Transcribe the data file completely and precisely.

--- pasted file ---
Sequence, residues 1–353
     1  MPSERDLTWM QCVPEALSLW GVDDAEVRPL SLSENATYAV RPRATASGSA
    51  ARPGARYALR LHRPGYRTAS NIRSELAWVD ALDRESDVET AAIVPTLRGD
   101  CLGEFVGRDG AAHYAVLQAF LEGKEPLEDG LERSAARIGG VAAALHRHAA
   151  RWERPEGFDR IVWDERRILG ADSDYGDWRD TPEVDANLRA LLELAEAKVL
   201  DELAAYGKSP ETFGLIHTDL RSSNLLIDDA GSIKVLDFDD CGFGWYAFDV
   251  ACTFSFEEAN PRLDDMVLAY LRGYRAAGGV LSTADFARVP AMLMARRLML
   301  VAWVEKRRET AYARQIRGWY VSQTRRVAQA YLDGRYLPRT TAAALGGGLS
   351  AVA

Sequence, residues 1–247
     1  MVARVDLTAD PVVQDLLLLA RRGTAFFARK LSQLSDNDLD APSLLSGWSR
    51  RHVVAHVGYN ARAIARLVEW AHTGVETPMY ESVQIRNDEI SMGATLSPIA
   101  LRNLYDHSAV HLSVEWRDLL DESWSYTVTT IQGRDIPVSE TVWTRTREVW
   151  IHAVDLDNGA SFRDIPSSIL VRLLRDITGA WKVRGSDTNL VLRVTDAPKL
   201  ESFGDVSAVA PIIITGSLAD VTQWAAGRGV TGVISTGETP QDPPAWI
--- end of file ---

Sequence, residues 1–353
     1  MPSERDLTWM QCVPEALSLW GVDDAEVRPL SLSENATYAV RPRATASGSA
    51  ARPGARYALR LHRPGYRTAS NIRSELAWVD ALDRESDVET AAIVPTLRGD
   101  CLGEFVGRDG AAHYAVLQAF LEGKEPLEDG LERSAARIGG VAAALHRHAA
   151  RWERPEGFDR IVWDERRILG ADSDYGDWRD TPEVDANLRA LLELAEAKVL
   201  DELAAYGKSP ETFGLIHTDL RSSNLLIDDA GSIKVLDFDD CGFGWYAFDV
   251  ACTFSFEEAN PRLDDMVLAY LRGYRAAGGV LSTADFARVP AMLMARRLML
   301  VAWVEKRRET AYARQIRGWY VSQTRRVAQA YLDGRYLPRT TAAALGGGLS
   351  AVA

Sequence, residues 1–247
     1  MVARVDLTAD PVVQDLLLLA RRGTAFFARK LSQLSDNDLD APSLLSGWSR
    51  RHVVAHVGYN ARAIARLVEW AHTGVETPMY ESVQIRNDEI SMGATLSPIA
   101  LRNLYDHSAV HLSVEWRDLL DESWSYTVTT IQGRDIPVSE TVWTRTREVW
   151  IHAVDLDNGA SFRDIPSSIL VRLLRDITGA WKVRGSDTNL VLRVTDAPKL
   201  ESFGDVSAVA PIIITGSLAD VTQWAAGRGV TGVISTGETP QDPPAWI